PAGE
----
Management's High-Tech Challenge

September 30, 1988

Report Outline
Special Focus


Computer-based technologies are changing the way America works. New technologies aren't just making workers' tasks easier or more efficient—they're altering the very ways offices operate. But many companies aren't getting the most out of their information systems because managers are reluctant to give up their traditional role as the “guardians of all useful knowledge.”

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For America's white-collar workers, the 1980s are a period of transition. The office of the 1990s may look—and operate—as differently from the office of today as the office of the 1980s does from the office of the 1950s. Perhaps the biggest change will come from the maturing role of computers. “When computers were in the back room, they were just a tactical tool,” says John Donovan, chairman of the Cambridge Technology Group. “Now computers are in the corner office. They are a strategic tool.”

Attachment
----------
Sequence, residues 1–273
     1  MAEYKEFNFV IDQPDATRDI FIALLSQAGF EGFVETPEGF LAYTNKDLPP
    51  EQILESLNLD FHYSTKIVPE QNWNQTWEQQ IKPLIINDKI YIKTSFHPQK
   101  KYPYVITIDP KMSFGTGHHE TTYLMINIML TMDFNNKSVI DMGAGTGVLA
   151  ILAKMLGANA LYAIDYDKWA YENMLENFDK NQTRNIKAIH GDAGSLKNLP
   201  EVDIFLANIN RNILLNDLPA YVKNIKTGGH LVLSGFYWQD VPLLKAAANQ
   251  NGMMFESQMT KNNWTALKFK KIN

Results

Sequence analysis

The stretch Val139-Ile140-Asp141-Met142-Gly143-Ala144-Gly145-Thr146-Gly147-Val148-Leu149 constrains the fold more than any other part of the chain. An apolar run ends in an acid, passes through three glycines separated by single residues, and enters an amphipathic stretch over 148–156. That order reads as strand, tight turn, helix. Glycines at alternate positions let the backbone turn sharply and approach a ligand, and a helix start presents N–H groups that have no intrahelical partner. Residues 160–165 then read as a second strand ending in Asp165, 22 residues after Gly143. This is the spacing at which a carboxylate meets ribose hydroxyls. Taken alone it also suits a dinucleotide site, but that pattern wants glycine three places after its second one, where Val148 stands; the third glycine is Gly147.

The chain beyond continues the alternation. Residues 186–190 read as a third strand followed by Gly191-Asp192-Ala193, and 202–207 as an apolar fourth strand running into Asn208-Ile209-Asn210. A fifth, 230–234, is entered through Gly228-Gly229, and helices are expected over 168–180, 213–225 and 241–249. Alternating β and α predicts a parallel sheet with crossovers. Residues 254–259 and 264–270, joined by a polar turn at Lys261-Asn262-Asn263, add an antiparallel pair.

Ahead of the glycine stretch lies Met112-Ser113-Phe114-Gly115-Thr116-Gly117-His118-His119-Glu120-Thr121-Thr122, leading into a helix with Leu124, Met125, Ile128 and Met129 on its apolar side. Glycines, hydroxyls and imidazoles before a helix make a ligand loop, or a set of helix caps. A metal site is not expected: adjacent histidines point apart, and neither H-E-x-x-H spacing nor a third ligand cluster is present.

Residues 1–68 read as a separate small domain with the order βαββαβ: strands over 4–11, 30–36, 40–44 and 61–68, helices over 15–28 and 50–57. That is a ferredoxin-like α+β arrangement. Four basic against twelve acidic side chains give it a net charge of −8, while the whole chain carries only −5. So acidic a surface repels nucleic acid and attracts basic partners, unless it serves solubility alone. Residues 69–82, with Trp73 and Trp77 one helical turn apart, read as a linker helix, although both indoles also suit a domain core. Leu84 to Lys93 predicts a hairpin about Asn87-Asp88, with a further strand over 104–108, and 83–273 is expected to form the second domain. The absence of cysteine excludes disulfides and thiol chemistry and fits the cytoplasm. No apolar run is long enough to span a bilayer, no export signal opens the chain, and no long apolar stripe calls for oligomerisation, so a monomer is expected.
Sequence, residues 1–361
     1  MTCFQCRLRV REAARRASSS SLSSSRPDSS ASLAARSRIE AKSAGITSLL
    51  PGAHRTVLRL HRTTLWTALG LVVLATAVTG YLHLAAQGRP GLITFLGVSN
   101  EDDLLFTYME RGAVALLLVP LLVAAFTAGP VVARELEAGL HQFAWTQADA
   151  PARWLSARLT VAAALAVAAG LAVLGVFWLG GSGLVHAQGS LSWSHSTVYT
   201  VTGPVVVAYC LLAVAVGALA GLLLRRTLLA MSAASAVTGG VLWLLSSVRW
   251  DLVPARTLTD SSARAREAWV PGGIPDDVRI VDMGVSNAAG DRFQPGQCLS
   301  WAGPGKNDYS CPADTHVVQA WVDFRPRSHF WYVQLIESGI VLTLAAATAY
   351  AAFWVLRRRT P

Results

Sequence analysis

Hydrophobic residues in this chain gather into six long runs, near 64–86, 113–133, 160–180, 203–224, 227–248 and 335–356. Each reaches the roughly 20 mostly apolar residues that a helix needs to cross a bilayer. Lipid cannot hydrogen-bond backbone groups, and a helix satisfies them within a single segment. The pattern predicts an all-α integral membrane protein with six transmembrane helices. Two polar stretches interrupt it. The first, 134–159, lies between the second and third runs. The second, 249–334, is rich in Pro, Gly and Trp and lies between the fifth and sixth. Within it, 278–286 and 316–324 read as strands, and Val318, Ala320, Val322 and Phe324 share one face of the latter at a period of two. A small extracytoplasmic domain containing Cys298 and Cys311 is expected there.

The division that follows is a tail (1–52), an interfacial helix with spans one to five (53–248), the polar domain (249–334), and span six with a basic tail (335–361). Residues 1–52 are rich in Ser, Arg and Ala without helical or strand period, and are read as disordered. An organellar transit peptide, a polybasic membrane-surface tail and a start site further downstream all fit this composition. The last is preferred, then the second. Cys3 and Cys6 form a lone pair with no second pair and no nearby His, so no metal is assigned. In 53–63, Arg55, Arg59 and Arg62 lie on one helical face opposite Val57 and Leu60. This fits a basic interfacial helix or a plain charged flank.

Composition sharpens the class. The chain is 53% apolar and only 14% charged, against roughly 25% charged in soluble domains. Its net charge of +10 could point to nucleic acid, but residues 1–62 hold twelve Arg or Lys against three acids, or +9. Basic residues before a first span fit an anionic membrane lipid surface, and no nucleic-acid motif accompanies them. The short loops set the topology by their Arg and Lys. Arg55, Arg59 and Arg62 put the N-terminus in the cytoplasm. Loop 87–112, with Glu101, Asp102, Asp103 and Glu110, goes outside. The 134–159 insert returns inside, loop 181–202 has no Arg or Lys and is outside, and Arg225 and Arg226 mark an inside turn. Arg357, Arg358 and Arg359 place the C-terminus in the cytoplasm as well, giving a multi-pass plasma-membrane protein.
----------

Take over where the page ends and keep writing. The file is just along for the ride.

Computer-based technologies are not just making office workers' tasks easier or more efficient. They are altering the very ways offices operate. “Office automation changes the way that information flows between and within organizations, the way that work is distributed in an office, the way that people do their work, and the skills they need,” the congressional Office of Technology Assessment (OTA) has pointed out.

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Sep. 30, 1988  Management's High-Tech Challenge
Jan. 09, 1987  Power Surge in Personal Computers
Feb. 13, 1981  The Computer Age
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